The light went out for chef David Adlard’s Candle in the Woods in Athol about two years ago. Adlard was operating out of his home, initially as a bed and breakfast, and expanded to dinner service, as guests had nowhere nearby to go. After a while, dinner became more popular than breakfast.
Unknown to Adlard, however, business owners are allowed to serve breakfast, not dinner, from a home, according to the 1970 Idaho health code, so Candle in the Woods ceased operations, and Adlard began searching for another location.
This spring, a Realtor friend, Keith Boe, came to Adlard and told him that the owners of Saddle Up Grill Steakhouse just around the corner were looking to retire. They met over lunch, walked around, and, in an hour, an agreement was basically made – with details sketched on the back of a napkin.
And the next incarnation of Saddle Up, as Candle in the Woods, was born. Adlard chatted recently about the restaurant. Here are highlights of the conversation:
What is different with Candle in the Woods this time around?
Everything and, yet, at the same time, in some ways, not much. What I mean by that is that many of the areas, such as the new building, internal systems, we are completely new. In terms of recipes and dishes, we have refined and/or kept many of the guests’ favorites, updated and tweaked many others, and also created several new dishes to so far rave reviews, thankfully.
However, in one of the most important factors, the experience of coming to the Candle, we have tried to keep that as close to the spirit of what we have done in the past because, in so many ways, it is what truly makes us different and special, and when we hear from our guests afterward, as much as they enjoy our chow, what really stands out is the total experience.
People love the atmosphere – the communal table, the outdoor sitting area with the fire pits, the game room, the quiet deck and having us introduce each dish and each wine with the stories of where they came from, the jokes, the camaraderie and the feeling of being part of the family – that they are loved and appreciated individually as friends, not just customers. And we brought many things from the house to try to keep as much of the feel of the original as we could.
How long did the renovations take from planning to completion?
We got the keys on May 31 and over the next eight weeks worked about 18 hours per day every day to get ready. We officially opened in August. Looking back now, I’m amazed at what we accomplished in a relatively short time. It didn’t feel short then!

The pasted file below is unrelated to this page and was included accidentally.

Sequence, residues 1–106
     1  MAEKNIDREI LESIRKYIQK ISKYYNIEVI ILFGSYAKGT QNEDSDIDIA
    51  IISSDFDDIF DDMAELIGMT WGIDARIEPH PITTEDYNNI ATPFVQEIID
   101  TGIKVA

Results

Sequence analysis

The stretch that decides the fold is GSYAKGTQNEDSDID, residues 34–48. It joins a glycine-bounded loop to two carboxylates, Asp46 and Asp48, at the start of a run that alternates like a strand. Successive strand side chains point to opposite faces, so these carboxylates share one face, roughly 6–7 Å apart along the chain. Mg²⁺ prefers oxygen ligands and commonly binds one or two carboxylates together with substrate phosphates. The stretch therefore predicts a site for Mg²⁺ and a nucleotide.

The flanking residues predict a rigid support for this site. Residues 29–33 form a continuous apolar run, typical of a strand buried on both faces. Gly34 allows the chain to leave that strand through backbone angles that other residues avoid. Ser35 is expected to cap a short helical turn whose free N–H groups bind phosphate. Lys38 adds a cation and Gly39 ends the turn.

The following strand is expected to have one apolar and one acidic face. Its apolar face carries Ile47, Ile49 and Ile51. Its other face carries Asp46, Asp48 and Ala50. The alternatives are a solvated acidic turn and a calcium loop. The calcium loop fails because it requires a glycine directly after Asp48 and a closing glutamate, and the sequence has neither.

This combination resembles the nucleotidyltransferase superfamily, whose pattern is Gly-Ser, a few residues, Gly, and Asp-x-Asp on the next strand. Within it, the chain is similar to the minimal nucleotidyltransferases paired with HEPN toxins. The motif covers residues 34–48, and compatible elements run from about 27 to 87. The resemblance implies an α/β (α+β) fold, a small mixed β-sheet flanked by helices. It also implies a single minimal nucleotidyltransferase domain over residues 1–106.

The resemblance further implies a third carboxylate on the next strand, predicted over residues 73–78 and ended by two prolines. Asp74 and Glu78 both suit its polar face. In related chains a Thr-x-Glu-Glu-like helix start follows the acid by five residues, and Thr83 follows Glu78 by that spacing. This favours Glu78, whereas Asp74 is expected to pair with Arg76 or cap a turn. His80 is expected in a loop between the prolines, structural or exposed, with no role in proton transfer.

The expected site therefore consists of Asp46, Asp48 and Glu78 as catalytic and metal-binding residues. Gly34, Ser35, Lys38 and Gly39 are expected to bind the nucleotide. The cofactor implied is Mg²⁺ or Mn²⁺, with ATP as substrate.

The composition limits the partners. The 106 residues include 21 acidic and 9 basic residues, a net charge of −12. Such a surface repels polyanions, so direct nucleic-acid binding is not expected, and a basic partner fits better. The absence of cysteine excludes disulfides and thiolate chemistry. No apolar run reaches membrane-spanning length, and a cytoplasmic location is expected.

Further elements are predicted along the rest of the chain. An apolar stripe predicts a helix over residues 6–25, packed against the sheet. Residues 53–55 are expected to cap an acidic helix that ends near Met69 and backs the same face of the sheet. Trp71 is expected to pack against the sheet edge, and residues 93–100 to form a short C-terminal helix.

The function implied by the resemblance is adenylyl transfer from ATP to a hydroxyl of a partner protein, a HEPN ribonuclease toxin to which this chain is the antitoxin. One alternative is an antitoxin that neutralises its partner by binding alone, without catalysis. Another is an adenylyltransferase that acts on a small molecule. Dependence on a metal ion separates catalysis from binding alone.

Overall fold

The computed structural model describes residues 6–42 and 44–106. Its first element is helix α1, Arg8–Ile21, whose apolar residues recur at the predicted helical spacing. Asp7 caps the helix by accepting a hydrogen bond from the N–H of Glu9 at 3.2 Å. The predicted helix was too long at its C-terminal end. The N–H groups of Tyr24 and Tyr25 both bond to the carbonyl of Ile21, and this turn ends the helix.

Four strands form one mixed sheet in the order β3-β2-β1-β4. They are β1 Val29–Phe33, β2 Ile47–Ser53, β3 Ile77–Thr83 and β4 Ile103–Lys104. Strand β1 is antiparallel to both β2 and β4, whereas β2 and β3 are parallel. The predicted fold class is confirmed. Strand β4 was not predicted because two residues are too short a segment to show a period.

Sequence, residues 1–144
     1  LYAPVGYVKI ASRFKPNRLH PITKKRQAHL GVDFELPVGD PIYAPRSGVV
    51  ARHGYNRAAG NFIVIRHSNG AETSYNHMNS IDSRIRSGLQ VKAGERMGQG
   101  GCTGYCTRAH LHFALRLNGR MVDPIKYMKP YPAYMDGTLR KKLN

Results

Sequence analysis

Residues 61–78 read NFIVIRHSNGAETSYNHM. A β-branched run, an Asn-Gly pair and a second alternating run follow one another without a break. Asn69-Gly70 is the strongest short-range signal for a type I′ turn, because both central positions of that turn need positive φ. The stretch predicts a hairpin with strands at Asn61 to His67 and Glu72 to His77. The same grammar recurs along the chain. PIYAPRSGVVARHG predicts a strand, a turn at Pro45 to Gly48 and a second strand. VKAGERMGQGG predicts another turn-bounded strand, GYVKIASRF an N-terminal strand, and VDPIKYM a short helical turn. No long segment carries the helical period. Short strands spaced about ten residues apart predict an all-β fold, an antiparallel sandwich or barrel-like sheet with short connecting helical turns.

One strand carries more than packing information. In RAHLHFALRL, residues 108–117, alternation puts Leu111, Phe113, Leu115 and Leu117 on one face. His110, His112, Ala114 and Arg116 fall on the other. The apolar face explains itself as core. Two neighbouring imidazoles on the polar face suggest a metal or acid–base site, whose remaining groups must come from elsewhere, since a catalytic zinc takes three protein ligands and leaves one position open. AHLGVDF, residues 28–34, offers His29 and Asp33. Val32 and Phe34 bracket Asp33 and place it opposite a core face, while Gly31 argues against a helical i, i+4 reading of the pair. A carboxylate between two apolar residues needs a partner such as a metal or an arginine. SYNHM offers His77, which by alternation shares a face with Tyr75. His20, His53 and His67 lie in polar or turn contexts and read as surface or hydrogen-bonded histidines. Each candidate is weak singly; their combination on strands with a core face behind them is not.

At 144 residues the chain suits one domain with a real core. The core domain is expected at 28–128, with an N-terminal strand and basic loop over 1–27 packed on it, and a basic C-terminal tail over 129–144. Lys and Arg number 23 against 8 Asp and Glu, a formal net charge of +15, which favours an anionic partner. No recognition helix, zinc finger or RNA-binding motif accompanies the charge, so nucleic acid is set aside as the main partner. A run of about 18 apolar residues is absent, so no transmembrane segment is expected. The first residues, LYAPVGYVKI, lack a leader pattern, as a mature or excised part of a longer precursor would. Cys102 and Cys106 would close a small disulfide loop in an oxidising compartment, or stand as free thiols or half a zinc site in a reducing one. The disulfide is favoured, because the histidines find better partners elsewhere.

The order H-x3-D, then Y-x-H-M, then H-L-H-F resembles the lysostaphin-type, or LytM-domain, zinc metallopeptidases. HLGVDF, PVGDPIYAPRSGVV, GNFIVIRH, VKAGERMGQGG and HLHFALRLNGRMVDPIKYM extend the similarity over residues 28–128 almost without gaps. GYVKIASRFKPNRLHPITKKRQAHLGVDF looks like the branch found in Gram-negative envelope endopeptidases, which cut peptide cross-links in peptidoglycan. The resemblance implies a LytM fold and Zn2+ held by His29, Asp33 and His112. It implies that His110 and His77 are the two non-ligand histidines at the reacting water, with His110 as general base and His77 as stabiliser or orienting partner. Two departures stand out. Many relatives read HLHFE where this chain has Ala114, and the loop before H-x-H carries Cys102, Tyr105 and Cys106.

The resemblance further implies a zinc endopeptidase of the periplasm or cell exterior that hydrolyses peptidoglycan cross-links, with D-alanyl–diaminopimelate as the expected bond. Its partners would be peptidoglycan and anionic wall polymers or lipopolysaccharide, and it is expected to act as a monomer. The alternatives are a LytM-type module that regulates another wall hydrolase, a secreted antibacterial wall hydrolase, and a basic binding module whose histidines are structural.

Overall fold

Everything from building a fence around the property to planting 32 trees to new flooring, paint inside and out, trim, renovating the bathrooms, tearing down two walls and rebuilding the kitchen, new front door – the entire front entrance is completely new – new stonework, the entire back sitting area and patio, almost 1,000 bricks, moving a shed – it was an exhaustive list. Basically we renovated and rebuilt top to bottom.
Where did the name Candle in the Woods originate?
Our home is a nice A-frame log cabin in the forest, and it is all glass on the front. Just after we started our little B&B, one of our guests arrived at twilight and commented that, as they drove up, our place looked like a “candle in the woods.” My wife, Lisa, and I looked at each other, and it was decided right then.
How does the menu change with the seasons?
In truth, our menu changes by the day. We have never repeated or duplicated an entire menu. We have five staples, some of the all-time guest favorites that are on all of our menus, and we do have a few seasonal things, but the rest changes daily based on fresh ingredients – but more often based on the crazy ideas my team and I create.
Lately we have started playing with liquid nitrogen and are doing things like table-side ice cream. This week we made smoked salmon and caper ice cream. It was so good and so loved by our guests despite what they thought beforehand.
And the other night, we made a pickled plum and blue cheese ice cream accompanied by a Tandoori and pureed caper macaron that was, without exaggeration, the single best macaron I have ever eaten.
Any particular menu items that you are especially proud of at Candle in the Woods?
All of them. I’m often asked what my favorite thing is to cook, and, to be honest, it’s whatever we are cooking right then. We don’t do filler – we don’t do any meaningless courses. Our goal is that every course is memorable and stands on its own, and that, by the end of the night, when we go around the table with the talking bottle, our guests get to share their favorite courses from the evening.
That said, if I had to choose a couple dishes that best represent us, the Steak S’mores with chipotle-infused marshmallows and the house-made ravioli in Sambuca and lemon cream with cognac-flamed prawn and homemade bread would likely be the ones that come to mind. Right now, the Lobster Cappuccino is a huge hit, as is the Surf and Turf.